Kids laughingA new vision for the global education race: Schools in South Korea have pursued high test scores with great success. They are clear leaders in the global-education competition. So, why did they fly me, a California progressive, small-schools founder and advocate, to present the closing speech at the 2013 Annual Seoul International Education Forum to talk about “happiness in education”?

After a generation of devotion to high test scores, South Korea’s educational success had taken schools to a place where few nations have ever been able to go: the serious consideration of how to become happy. I learned that Korean teens get six hours of sleep a night — not enough to develop or nurture qualities like empathy and creativity. This year’s conference theme — International Perspectives on Happiness Education — is a concept that may have been unfathomable only a generation ago.

I began my visit by asking my new friends what their problems were in helping students be happier. Their answer should have been no surprise. It was the same answer I received when I asked similar questions of parents of high-performing Chinese students. It was the answer I got from teachers in Havana, Spain, and Boulder, Colo. It was the same answer I hear from teachers across the country reading my blog postings. I hear this answer from progressive teachers, conservative teachers, teachers who are fresh and starting out, and teachers who are fed up.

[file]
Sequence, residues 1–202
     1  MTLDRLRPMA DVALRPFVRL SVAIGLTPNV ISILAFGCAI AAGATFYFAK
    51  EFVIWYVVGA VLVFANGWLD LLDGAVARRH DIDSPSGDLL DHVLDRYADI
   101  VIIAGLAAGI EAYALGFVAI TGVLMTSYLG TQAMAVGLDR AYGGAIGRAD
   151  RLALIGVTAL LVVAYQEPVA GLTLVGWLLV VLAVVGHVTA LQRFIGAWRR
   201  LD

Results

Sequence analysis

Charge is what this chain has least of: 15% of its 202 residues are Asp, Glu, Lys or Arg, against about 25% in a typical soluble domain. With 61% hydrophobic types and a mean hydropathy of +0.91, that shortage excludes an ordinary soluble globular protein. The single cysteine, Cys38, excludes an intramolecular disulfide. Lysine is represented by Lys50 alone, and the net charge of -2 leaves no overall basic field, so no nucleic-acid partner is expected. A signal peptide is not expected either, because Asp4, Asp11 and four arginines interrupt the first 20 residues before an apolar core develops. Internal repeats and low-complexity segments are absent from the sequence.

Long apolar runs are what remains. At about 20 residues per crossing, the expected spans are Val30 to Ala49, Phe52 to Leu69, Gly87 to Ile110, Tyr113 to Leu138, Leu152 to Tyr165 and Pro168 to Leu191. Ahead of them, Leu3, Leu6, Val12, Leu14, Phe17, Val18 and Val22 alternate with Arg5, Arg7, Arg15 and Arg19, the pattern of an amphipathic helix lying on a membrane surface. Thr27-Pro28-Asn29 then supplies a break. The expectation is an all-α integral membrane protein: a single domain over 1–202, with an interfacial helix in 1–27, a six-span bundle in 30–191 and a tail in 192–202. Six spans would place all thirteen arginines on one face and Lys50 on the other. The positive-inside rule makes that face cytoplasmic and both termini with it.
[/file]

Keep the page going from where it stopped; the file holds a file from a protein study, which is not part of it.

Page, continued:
In the developed world and often elsewhere, teachers feel victimized by curriculum that they are unable to cover in a year and by the fact that their worth and fate as professionals will be determined by the standardized test scores of their students. So, around the wok, I listened as teachers once again explained this sentiment. There is no question that almost everyone who actually interacts with children every day finds this situation a source of unhappiness. Millennial educators and parents widely view themselves in a “race to nowhere.”

Earlier this very year in Seoul at her swearing in to office, Park Geun-hye, South Korea’s new president, made a revolutionary promise — to make her workaholic, ultra-competitive, stressed-out people happy: “I will usher in a new era of hope, whereby the happiness of each citizen becomes the bedrock of our nation’s strength,” she said. This goal quickly flowed into the national ministries, and so we gathered this year with Seoul Ministry of Education, in the name of happiness. Seoul’s vision and courage to focus on happiness as a real goal is a leadership vision that sees far beyond the stellar standardized test results of its sleep-deprived students. As an emerging science, we now can test for student happiness, almost the same way we can test for knowledge of algebra.

We know from Seoul’s National University’s Happiness Research Center that happy teachers make happy students. Despite all these espoused values, when teachers are evaluated, world over, they are evaluated by how far they have progressed in the race to complete the year’s requirements, along with a small handful of test scores and perhaps grade point averages. These one-dimensional scores make or break teaching careers.